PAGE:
Wake up daily to our latest coverage of business done better, directly in your inbox.


Get your weekly dose of analysis on rising corporate activism.


The best of solutions journalism in the sustainability space, published monthly.

Select Newsletter

By signing up you agree to our privacy policy. You can opt out anytime.

James Byrne headshot

With Oceans in Peril, This Fund Seeks to Reverse the Decline

By James Byrne

The investment giant Credit Suisse recently announced a new ocean health impact fund through a partnership with Rockefeller Asset Management. The new Ocean Engagement Fund has already raised $212 million in pre-launch.

A market-driven approach to help heal the world’s oceans

The two investment firms say this fund is unique in being the first fund solely tackling U.N. Sustainable Development Goal (SDG) 14: life below water. The fund is the second at Credit Suisse to tackle a single SDG, with another fund focused on SDG 12: responsible production, which the company launched last year.

The fund’s portfolio will include 30 to 50 businesses, yet to be chosen by the two organizations. The Ocean Foundation, a community foundation focused on ocean conservation, will be advising the fund on which businesses to include in the portfolio.

According to the partnership, the fund’s emphasis will be on companies providing innovative solutions to ocean sustainability. The Ocean Foundation will also share best practices with the fund’s partners to help move businesses and their stakeholders away from harming the ocean and closer toward achieving a net-positive marine habitat impact.

How will this fund work?

To carry out these goals, this fund’s managers say it will address three key themes: pollution prevention, carbon transition and ocean conservation. Considering the growing traction of the Task Force on Nature-Related Disclosures (TNFD), the guidelines of which seek to move capital to “nature-positive activities,” the fund is certainly timely.

In a statement, Marisa Drew of Credit Suisse spoke of the need for the new fund. Drew observed that considering a third of institutional investors are keen to invest in the Blue Economy, the ocean remains one of the least invested assets covered by the U.N. SDGs. The new fund aligns with commitments by Credit Suisse to provide over $323 billion toward green bonds and a low-carbon economy in the next 10 years. It also comes after the issuance of a $28.6 million bond in partnership with the World Bank last year to finance fresh and saltwater habitats and resources.

The fund’s launch is also prescient in another way, coinciding as it has with last month's U.N. Biodiversity Summit, during which world leaders attempted to finalize a new deal for nature. This new deal would be in the form a global agreement similar to the 2015 Paris Accords. A 20-point plan by the U.N. outlined in January had already acknowledged the need to protect natural habitats to avert a sixth mass extinction.

Further, the current U.N. plan commits to protect 30 percent of terrestrial marine and freshwater habitats. The plan’s authors also warn that a third of the world’s ocean and land must be protected to reverse biodiversity decline.

It will be an uphill battle to restore the oceans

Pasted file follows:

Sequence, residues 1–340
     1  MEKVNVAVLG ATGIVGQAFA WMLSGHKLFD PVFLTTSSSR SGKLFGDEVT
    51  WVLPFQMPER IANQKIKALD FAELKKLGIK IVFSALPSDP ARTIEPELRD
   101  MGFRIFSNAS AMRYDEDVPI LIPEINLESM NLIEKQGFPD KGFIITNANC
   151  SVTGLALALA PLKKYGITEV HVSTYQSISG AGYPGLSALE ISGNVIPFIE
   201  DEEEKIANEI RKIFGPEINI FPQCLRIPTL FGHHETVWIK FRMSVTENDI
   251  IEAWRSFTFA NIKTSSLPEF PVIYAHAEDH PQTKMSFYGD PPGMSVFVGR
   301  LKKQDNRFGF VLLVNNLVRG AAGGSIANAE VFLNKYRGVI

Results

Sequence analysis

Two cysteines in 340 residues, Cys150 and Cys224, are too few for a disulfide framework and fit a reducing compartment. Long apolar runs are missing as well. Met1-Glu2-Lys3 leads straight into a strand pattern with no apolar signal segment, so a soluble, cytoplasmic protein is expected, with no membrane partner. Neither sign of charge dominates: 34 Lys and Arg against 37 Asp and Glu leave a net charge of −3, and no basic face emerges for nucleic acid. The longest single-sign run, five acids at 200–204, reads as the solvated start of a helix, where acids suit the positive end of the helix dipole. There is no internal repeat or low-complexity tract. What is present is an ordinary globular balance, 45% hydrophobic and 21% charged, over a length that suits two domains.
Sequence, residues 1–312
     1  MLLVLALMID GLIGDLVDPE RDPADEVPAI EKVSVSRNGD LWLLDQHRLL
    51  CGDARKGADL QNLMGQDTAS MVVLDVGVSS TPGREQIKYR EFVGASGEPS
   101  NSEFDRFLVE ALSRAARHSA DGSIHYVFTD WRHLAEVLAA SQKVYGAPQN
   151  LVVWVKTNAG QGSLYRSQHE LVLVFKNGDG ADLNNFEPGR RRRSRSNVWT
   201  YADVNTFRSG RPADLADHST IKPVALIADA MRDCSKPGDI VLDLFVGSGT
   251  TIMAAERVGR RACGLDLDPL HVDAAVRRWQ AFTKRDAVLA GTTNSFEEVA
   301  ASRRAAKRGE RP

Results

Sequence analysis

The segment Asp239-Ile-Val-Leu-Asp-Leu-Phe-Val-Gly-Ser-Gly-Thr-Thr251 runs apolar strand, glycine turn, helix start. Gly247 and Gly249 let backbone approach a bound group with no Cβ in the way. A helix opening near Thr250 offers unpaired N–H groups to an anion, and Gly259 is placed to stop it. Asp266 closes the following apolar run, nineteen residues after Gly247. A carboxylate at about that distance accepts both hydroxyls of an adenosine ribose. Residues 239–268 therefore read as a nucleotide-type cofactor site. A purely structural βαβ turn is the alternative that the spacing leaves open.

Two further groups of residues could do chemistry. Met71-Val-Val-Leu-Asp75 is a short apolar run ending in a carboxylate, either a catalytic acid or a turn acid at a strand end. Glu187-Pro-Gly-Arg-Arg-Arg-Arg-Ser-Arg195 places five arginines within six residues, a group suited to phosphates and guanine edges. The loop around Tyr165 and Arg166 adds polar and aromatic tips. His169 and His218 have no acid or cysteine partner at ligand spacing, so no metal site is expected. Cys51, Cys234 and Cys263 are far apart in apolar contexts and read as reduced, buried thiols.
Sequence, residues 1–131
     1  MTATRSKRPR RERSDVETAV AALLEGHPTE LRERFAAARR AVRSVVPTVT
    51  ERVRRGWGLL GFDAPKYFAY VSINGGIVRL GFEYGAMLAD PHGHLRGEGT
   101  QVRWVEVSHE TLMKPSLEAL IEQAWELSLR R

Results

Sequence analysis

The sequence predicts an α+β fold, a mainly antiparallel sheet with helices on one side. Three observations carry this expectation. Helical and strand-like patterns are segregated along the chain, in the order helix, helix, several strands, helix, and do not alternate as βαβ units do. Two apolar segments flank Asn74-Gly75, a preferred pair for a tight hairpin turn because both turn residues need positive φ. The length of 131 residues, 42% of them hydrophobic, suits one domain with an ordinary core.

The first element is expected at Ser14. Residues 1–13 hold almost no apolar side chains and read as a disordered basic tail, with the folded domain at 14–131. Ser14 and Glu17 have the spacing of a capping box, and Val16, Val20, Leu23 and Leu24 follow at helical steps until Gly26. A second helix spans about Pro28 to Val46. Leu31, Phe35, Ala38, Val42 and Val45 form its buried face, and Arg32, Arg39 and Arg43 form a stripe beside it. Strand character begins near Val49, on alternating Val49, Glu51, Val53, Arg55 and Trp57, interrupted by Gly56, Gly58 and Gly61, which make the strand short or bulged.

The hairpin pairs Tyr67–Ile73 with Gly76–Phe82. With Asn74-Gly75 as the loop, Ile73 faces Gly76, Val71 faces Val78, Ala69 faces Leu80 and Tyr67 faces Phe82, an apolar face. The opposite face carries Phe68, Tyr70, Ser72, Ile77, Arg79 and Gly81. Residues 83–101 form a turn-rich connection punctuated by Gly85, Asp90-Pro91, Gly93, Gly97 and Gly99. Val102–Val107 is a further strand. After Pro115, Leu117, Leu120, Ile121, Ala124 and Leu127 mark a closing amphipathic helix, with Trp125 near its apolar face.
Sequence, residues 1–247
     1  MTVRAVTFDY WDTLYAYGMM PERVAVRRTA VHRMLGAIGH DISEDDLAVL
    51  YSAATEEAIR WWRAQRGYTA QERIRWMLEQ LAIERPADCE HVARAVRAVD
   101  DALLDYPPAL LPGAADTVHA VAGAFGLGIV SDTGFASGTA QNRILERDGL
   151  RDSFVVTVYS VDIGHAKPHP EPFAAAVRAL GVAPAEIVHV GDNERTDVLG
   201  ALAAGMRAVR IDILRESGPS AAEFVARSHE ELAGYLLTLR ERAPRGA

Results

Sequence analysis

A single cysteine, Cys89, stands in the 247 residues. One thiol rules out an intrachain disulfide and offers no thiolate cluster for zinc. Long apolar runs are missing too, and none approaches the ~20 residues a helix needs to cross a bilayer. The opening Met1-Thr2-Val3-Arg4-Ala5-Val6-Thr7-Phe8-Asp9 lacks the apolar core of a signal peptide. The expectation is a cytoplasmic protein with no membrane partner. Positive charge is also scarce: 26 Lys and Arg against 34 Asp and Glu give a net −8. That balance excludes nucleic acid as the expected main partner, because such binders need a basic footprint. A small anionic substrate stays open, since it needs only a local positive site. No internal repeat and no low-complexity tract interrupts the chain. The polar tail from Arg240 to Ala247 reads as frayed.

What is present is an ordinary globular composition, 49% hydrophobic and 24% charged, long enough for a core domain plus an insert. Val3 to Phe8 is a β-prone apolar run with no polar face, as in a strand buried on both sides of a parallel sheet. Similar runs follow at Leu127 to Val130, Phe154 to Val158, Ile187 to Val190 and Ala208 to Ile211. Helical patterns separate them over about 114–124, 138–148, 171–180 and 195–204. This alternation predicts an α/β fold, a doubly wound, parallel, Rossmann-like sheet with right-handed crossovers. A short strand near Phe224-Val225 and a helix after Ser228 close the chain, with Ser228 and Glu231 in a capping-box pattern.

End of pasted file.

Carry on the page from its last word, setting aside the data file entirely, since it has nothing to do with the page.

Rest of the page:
On that point, a letter from a coalition of 140 nature conservation organizations has been sent this week to U.N. Secretary-General Antonio Guterres. The letter highlights the issues raised by the summit, asserting that $500 billion must be spent annually to fund habitat restoration, creation and protection. Reinforcing this sentiment, the World Economic Forum (WEF) warned in July that over half of global GDP, or $44 trillion, is exposed to risks from nature loss.

Along with Credit Suisse, another organization trying to address the lack of investment in protecting natural marine habitats is The Nature Conservancy (TNC). The environmental nonprofit is currently launching a $40 million suite of ocean conservation bonds with the goal to use the bonds to raise $1.6 billion for marine conservation.

A recent study by the IPCC further underlines the specific importance of oceans as natural capital. It found that the world’s oceans have absorbed 93 percent of the extra heat generated by human activity and 25 percent of human-generated carbon dioxide emissions since 1970. These facts demonstrate the role of oceans in helping address some of the nature-related climate risks the WEF identified.

Nevertheless, the aforementioned biodiversity summit highlights the oceans’ ongoing fragility. Not only are oceans rich stores of biodiversity, but they also act as crucial heat and carbon sinks for the planet. Hence the Credit Suisse Ocean Engagement Fund, and others like it, could hail a new era in which the role of blue assets in managing nature-related climate risks is better understood. A rapid revaluing of blue assets may soon be on the way.

Image credit: Milos Prelevic/Unsplash

James Byrne headshot

James has been writing about investing and sustainable finance and development for over ten years. With a background in sustainability consulting, his book 'Green your business now', was used as the basis for a sustainable business accreditation scheme in the U.K. He also helped PepsiCo with branding and investment strategy for its Tropicana product line as part of its Performance with Purpose agenda. His views on sustainable development and responsible investing have been featured in Morningstar magazine and the UKs Urban Design Journal, an organization that promotes sustainable development. He has an active interest in ESG having written for ESG investor platform Curation, where he helped curate content used in environmental risk briefings for FTSE100 companies. Topics James has covered include governance issues, renewable energy adoption, accessible design, sustainability reporting and climate related financial risk disclosures.

Read more stories by James Byrne